Are you crossing your fingers hoping for a brown-eyed baby? Or, are you wondering how on earth you ended up with blue-eyes with two parents with brown eyes? Don't worry, you weren't switched at birth and your little one could have brown eyes no matter what color her parents' eyes are. The genetics behind eye color is an extremely complex and intricate game of chance. When it comes to the question, "What color will my baby's eyes be?" the truth is that it's impossible to tell, but it's really fun to guess.
Eye Color and Melanin
Eye colors are completely fascinating. In any given group of people, you can find dozens of different shades of gray, green, hazel, blue and brown. What we call eye color is actually the color of the iris. The amount of a pigment called melanin found in your iris produces your eye color, with blue eyes being produced by the least amount of melanin and brown being produced by the most. The resulting eye color can be any and every shade in between -- all determined by a complex process of genetics.
Here's the quick lowdown: Typically, two blue-eyed parents end up with a blue-eyed child, but not always. Likewise, two brown-eyed parents are likely (but not guaranteed) to have a child with brown eyes. If one parent has brown eyes and the other has blue eyes, their child has about a 50/50 chance of either ending up with brown or blue eyes.
The Theory of Mendelian Genetics
It was originally thought that eye color was determined by a simplistic model of Mendelian genetics, meaning it was determined by a single gene, with brown eyes considered dominant and blue recessive. It has now been determined that eye color is a polygenic trait, meaning it is determined by multiple genes. According to Dr. Jennifer Stagg, a biochemist turned naturopathic physician and author of Unzip Your Genes: 5 Choices To Reveal A Radically Radiant You, "There are a number of genes that are responsible for eye color, but the two primary genes, OCA2 and HERC2 are on chromosome 15." The OCA2 gene produces a transporter of tyrosine, which produces melanin, while HERC2 regulates the OCA2 genes' expression.
Using a Punnett Square
Punnet squares aren't completely useless even with this new information. According to Dr. Stagg, "Old Mendelian Punnett squares are a fun tool to predict eye color, but we now know that charts are too simplified an approach when it comes to genetics." For example, using the Mendelian model, two parents with blue eyes wouldn't be able to have a baby with blue eyes, but we know that it is not impossible. That being said, the Punnett square does accurately predict that it is possible for two parents with brown eyes to have a blue-eyed baby. "Even with the outdated Mendelian model, if both parents each have a dominant and recessive gene for eye color, they could end up having a blue-eyed baby only if both parents pass on a recessive gene," says Dr. Stagg.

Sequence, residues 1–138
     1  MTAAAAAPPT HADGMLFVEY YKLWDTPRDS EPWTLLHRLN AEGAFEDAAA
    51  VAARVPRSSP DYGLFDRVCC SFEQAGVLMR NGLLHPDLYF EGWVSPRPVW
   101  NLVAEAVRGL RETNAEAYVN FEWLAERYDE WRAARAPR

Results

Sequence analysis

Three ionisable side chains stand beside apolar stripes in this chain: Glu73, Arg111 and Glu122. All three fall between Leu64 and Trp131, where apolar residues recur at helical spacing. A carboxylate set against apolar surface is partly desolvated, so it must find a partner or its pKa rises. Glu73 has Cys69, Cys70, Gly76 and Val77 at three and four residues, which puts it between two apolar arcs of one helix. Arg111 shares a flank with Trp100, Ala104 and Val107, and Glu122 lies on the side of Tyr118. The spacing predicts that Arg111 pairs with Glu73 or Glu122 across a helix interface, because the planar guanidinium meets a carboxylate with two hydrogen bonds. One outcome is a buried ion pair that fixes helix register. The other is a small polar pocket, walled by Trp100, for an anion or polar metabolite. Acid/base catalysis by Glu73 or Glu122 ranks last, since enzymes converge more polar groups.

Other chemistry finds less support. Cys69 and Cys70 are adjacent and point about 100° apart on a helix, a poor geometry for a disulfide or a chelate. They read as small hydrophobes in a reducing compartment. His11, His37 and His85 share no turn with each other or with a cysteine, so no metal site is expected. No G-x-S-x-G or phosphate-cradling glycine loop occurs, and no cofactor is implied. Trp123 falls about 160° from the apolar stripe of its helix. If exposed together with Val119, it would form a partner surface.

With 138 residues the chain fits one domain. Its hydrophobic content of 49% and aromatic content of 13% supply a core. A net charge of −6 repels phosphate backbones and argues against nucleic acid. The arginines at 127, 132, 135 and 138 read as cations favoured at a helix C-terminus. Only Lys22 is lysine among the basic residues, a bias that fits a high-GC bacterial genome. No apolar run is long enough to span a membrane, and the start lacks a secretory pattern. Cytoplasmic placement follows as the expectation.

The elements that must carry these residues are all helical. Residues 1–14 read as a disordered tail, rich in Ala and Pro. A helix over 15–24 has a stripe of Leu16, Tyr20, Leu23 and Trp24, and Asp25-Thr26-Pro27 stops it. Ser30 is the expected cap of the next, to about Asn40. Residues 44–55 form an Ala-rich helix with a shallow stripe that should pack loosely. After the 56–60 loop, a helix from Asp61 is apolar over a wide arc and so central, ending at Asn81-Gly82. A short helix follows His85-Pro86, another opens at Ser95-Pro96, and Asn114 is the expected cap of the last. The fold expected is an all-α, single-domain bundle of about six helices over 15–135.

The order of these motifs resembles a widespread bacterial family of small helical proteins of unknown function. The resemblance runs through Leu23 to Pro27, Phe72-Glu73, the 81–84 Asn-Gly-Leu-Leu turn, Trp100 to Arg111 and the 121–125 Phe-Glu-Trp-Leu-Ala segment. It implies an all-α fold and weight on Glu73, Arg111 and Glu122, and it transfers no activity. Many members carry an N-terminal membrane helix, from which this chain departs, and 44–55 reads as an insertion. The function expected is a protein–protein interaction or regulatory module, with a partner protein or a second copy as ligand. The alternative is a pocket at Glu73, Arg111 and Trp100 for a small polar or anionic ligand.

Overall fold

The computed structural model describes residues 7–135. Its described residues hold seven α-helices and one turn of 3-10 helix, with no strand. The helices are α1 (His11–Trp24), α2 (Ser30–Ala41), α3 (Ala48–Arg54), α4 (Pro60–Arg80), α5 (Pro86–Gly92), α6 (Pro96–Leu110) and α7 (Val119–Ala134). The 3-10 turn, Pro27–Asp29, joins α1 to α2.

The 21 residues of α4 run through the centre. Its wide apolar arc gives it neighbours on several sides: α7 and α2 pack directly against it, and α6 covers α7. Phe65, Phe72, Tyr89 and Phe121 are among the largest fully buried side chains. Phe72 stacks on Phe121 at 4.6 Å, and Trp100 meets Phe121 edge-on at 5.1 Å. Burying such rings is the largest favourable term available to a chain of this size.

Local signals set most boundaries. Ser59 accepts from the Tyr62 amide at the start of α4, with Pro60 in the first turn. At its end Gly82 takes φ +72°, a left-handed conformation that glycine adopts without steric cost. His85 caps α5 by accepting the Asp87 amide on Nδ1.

Let's explore this example further with a Punnnet square:
To make a Punnett square, you first need to create a table. Put your two possible gene versions on the top using a large B or brown, the dominant trait, and a small b for blue, the recessive trait. Add your partner's gene versions on the side of the table:
Next, fill in each square with the letters from the top and side to figure out all possible variations:
As you can see, there is a one out of four chance that a child of two parents with brown eyes will have a blue-eyed baby if their parents carry the recessive gene for blue eyes. Fun right?
Eye Color at Birth
As if predicting eye color weren't confusing enough, the color eyes your baby has at birth might not stick around. According to the American Academy of Pediatrics, it takes up to one year for the melanocytes to build up to the right amount of melanin in the eyes. Most babies are born with blue eyes (remember, it's the eye color produced by the least amount of melanin), but that can quickly change to green, hazel or even brown.
If you're a pregnant mama wondering, "What color will my baby's eyes be?" try playing around with Punnett squares for fun, but remember that it's all up to chance -- and the complex mystery that is genetics.
Featured Image source: Contra Curva/Flickr